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Wednesday, November 20, 2019 4 p.m. to 5 p.m.

This talk presents a novel geometric method to investigate what structure of multirotor unmanned aerial vehicles (UAVs) can achieve stable hovering, i.e., hoverability. The hoverability is indispensable for a multirotor UAV to conduct its task safely, and even when a rotor fails, it should be satisfied to prevent an accident. The proposed geometric method reveals the relationship between the position of the center of mass (CoM) and the rotor placement of a multirotor UAV to satisfy the hoverability, which can be applied to a multirotor UAV with any number and position of rotors. This talk also provides its application to investigation of a robust structure against rotor failures. Furthermore, a quantitative measure of the hoverability is newly presented based on the proposed analysis method. It enables us to design a multirotor UAV with an optimal structure in the sense of the hoverability. Finally, experimental validation is performed by using a hexrotor UAV whose CoM position is intentionally shifted.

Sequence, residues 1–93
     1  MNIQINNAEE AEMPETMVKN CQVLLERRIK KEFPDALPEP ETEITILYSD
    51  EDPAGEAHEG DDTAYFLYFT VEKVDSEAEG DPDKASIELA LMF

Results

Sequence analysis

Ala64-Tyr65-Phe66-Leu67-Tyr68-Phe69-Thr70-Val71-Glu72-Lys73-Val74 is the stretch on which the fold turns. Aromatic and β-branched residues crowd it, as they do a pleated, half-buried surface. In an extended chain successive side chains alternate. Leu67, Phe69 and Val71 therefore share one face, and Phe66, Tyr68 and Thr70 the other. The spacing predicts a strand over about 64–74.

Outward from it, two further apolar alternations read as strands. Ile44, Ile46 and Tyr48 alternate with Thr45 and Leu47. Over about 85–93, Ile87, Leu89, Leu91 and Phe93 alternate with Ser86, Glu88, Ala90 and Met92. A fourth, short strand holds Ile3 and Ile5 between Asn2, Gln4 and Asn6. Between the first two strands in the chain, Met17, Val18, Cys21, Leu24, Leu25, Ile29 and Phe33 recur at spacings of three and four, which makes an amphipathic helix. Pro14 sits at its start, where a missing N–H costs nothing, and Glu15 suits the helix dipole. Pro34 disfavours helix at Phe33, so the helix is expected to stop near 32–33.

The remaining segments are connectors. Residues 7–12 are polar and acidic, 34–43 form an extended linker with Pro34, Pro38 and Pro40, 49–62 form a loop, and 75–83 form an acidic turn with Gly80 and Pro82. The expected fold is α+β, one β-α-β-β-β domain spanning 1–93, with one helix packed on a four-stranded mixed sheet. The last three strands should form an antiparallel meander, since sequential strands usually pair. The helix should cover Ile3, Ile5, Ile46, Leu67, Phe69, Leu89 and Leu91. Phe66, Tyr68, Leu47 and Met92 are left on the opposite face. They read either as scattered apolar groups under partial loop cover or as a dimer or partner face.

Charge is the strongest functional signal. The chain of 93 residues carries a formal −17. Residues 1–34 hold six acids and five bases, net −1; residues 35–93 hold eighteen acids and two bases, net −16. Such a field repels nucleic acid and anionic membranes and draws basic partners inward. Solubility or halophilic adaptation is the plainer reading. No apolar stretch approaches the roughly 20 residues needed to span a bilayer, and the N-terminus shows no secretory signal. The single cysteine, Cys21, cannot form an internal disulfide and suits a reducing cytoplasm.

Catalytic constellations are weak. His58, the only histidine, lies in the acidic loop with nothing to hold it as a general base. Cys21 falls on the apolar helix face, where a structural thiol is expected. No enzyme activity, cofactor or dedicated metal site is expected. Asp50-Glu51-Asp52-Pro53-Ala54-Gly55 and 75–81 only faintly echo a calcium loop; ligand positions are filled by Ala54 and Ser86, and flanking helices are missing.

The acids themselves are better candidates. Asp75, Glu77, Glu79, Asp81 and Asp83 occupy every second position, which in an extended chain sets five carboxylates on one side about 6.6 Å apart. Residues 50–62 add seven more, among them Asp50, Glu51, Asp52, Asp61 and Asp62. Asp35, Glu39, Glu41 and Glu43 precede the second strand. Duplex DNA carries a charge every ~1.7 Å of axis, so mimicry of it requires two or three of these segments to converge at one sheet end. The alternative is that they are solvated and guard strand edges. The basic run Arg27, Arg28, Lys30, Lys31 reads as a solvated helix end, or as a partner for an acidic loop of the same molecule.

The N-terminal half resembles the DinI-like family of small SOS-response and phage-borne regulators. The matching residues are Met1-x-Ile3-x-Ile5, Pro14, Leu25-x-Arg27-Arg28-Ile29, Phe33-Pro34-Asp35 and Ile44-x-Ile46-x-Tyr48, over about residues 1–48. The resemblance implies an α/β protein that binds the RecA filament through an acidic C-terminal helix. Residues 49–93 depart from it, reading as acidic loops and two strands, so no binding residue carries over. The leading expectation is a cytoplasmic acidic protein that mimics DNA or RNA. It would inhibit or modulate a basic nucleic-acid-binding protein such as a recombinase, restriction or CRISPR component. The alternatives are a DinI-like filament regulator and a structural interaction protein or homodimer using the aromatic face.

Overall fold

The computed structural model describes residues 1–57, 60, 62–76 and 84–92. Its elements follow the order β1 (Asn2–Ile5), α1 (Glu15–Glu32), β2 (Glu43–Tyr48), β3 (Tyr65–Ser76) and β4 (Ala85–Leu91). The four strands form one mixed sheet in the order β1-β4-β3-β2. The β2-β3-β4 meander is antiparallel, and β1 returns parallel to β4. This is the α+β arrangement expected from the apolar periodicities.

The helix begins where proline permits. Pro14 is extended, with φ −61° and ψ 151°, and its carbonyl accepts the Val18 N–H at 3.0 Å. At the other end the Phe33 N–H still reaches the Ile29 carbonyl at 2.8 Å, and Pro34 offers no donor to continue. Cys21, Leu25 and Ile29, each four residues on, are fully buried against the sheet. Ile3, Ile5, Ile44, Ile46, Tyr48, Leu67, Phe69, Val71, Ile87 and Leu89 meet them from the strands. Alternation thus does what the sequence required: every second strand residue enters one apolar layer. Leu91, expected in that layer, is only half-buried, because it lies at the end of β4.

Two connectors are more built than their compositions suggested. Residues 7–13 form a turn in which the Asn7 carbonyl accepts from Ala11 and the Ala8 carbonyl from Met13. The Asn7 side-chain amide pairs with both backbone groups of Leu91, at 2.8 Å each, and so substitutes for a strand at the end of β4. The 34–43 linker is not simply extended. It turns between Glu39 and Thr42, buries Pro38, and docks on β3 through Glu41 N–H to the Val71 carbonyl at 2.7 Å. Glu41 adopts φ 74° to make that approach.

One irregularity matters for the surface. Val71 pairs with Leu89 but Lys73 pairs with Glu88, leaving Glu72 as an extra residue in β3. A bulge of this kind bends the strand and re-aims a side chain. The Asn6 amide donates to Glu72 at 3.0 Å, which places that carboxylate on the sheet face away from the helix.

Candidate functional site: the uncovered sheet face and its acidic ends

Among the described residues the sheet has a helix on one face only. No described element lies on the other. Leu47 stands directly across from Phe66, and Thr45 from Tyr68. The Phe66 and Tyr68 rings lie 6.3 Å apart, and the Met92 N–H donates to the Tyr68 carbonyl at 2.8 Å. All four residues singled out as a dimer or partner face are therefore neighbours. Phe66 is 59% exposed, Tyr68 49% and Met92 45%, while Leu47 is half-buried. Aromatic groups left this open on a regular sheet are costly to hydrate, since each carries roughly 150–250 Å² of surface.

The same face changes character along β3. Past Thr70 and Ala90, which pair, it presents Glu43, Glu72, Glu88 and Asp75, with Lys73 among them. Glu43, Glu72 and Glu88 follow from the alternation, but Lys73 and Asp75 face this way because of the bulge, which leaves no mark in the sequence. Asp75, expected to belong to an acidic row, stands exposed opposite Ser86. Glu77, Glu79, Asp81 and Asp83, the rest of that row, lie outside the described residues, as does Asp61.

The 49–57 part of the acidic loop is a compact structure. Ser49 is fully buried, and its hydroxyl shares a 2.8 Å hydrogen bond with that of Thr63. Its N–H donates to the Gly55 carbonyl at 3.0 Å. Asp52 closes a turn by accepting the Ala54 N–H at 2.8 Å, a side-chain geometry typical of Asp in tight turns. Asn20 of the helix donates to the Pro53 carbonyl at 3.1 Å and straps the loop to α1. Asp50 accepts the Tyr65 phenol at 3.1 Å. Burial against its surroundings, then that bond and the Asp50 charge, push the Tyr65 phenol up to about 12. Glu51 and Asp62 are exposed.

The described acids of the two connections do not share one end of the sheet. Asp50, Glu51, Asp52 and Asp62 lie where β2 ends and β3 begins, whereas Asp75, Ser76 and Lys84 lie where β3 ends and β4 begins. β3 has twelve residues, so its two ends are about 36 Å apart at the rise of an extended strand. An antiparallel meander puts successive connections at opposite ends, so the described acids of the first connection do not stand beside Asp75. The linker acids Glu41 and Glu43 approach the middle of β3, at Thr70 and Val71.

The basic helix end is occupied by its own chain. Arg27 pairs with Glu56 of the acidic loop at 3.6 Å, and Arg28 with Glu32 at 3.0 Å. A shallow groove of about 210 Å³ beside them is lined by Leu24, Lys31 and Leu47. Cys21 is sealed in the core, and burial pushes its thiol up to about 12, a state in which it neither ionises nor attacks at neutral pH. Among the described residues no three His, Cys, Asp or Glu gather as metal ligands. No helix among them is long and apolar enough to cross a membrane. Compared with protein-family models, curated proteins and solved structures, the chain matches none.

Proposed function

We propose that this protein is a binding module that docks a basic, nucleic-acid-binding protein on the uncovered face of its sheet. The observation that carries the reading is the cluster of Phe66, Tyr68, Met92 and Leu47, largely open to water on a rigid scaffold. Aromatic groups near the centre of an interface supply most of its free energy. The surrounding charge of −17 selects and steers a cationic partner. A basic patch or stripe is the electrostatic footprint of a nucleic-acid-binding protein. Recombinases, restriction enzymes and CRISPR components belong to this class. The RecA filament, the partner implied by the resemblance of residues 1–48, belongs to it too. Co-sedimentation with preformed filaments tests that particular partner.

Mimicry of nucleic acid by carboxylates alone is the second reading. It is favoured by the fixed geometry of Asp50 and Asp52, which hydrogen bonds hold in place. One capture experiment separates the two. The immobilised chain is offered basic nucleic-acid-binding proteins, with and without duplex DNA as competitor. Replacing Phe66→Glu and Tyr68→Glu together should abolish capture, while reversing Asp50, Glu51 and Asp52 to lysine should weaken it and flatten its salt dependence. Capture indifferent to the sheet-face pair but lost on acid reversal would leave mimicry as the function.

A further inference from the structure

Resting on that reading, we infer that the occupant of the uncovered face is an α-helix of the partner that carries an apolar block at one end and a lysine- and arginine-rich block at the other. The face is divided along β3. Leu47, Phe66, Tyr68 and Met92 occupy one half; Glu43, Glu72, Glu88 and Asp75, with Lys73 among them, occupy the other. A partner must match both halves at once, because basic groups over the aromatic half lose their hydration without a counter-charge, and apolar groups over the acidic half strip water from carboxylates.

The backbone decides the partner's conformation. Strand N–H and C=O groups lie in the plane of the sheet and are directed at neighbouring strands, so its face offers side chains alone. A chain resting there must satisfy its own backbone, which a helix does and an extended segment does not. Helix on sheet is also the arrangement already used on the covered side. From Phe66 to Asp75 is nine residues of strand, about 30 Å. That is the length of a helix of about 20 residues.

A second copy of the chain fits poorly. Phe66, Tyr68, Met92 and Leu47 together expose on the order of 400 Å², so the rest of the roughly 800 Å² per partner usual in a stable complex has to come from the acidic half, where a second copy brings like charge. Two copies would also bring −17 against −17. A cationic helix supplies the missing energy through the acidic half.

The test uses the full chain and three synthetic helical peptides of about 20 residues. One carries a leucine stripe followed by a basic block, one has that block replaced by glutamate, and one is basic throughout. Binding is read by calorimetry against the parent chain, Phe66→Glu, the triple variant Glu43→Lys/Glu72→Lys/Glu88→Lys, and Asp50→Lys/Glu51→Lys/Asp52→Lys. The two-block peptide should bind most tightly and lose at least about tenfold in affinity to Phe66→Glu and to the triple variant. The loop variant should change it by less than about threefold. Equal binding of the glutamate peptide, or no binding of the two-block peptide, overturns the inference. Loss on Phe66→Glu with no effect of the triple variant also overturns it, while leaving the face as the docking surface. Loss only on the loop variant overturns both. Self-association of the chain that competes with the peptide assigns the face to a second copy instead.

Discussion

Tatsuya Ibuki is an Assistant Professor at the Department of Systems and Control Engineering of Tokyo Institute of Technology, Japan. He received his Ph.D.Eng. degree from Tokyo Tech in 2013. He was a research fellow of the Japan Society for the Promotion of Science from 2012 to 2013, and is currently a visiting scholar at the School of Electrical and Computer Engineering of Georgia Institute of Technology.  His research interests include cooperative control of robotic networks, multirotor UAV design and control, and vision-based estimation and control. He received some awards from the Society of Instrument and Control Engineers in

Japan on these topics.


HEC: 113


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